Most Popular Articles
Field Report: Yamaha Stagepas 300
Radio station remote broadcasts seem like simple ideas, but at times they can be as difficult to figure out as quantum physics. The lonely remote broadcast engineer is always the first to arrive and the last to leave. In many cases the engineer isn't a full time engineer, but maybe an intern rooked into setting up the broadcast, or even the promotions person who also takes care of everything else in the remote broadcast. Sometimes the difficulty level of a remote is unknown until the time of the broadcast. If you have the dedicated remote engineer advantage then you can solve all problems as they arise by some MacGyver-like workarounds.
Along with the remote connection to the studio, a sound system has to be set up. I've seen everything from a boom box to a huge PA with 3' tall speakers being used in a remote. When it comes to a PA pumping to the locale, you don't want overkill, but you don't want to under do it. Here's where the Yamaha Stagepas 300 PA system fits. This dynamic system is a great middle-of-the-road starter point. This system pumps out 150W per channel with crisp highs punchy mids and big, fat bass. The Stagepas 300 delivers a clear, powerful sound. Its rugged, durable construction and easy setup make for the perfect remote broadcast PA for any situation.
|Performance at a glance|
150W per speaker output
20Hz-20kHz frequency response
70W power consumption
Speakers measure 10.8" x 18.0" x 10.0"
Mixer measures 11.4" x 3.8" x 6.3"
Total weight 39.7lbs
The right size
The Stagepas 300 can fill a noisy bar, a 300-person lecture hall, or the small conference room-type setting with ease. I even tested it outside and the sound filled the outdoors with nice distribution in an area equal to a little league baseball field. The entire unit (including the mixer) fits in the space of two speakers that measure 10.8" W x 18" H x 10" D. This all-in-one system includes a pair of passive speakers, a detachable powered mixer, and a pair of speaker cables. The eight-channel powered mixer can be used either while installed in the speaker compartment or detached for easy positioning and access. So basically all that has to be carried for PA purposes are the two speakers. One speaker is storage for the mixer (removed with a simple locking screw) and the other has space for the power and speaker cables with room left for a microphone and cable.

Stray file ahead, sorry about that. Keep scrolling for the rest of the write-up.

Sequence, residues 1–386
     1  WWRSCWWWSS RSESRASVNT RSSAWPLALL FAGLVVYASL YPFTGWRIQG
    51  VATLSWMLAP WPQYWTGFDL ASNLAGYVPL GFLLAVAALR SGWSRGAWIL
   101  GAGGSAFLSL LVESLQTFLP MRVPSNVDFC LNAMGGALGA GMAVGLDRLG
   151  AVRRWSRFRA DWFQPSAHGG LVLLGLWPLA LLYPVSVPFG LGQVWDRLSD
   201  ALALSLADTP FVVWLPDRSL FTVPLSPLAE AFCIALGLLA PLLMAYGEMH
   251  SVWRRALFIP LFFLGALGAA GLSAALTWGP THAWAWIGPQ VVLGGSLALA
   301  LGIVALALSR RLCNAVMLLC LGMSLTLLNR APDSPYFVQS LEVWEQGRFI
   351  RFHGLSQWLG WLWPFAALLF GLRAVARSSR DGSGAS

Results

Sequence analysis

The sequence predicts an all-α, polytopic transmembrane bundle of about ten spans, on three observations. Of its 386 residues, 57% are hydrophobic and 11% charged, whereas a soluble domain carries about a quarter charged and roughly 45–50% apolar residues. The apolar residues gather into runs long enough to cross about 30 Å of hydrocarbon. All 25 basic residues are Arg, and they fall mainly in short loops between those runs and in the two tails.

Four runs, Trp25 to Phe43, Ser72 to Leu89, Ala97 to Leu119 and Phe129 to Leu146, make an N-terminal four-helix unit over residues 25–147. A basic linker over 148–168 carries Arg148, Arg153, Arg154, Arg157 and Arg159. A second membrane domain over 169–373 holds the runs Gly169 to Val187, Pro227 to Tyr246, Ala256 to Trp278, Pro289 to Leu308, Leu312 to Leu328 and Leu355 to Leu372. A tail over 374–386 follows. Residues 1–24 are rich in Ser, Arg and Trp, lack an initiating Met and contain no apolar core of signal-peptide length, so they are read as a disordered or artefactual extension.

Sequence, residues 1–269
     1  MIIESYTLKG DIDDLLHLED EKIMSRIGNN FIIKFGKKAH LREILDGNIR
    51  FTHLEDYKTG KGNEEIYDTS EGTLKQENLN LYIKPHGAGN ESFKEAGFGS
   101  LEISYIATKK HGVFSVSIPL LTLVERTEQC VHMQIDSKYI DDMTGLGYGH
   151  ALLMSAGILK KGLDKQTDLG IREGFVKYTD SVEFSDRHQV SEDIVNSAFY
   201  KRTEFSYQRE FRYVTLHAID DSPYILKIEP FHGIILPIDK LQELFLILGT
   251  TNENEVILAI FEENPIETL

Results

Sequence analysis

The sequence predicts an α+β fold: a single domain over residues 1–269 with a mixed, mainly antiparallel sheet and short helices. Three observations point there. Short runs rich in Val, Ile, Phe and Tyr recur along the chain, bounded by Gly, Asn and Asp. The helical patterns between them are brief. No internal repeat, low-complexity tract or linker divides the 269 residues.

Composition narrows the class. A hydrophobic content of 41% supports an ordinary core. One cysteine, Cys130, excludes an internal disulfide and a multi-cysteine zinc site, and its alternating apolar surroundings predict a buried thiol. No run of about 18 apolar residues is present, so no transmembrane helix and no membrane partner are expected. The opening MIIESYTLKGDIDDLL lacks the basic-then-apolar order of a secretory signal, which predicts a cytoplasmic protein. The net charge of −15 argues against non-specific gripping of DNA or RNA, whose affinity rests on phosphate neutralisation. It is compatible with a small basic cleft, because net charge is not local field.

Let's look at the mixer setup. There are eight input channels with channels 5/6 and 7/8 blended together for stereo inputs. Channels 1-4 are mono inputs accepting either XLR or 1/4" phone jacks. These channels have an equalizer section to adjust high and low frequencies with a range of ±15dB (high and low each have their own pot). They also have a button to determine mic or line level input. These four channels also have the option for adding reverb.
-- continued on page 2
Acceptable Use Policy blog comments powered by Disqus
[an error occurred while processing this directive]
Today in Radio History
The history of radio broadcasting extends beyond the work of a few famous inventors.
Read each issue online in our Digital Edition Format in your Web browser.
EAS Information More on EAS
The feed provides feeds for all US states and territories.
Need a calendar for your computer desktop? Use one of ours.
Information from manufacturers and associations about industry news, products, technology and business announcements.
Browse Back Issues[an error occurred while processing this directive]
Also in the January Issue
- Trends in Technology: AES-X210, The "Missing Piece" of AES67?
- FCC Proposes Online Publc File Rules for Radio
- RF Engineering: Licensing AM Stations Using Method of Moments
- Field Report: Zoom H6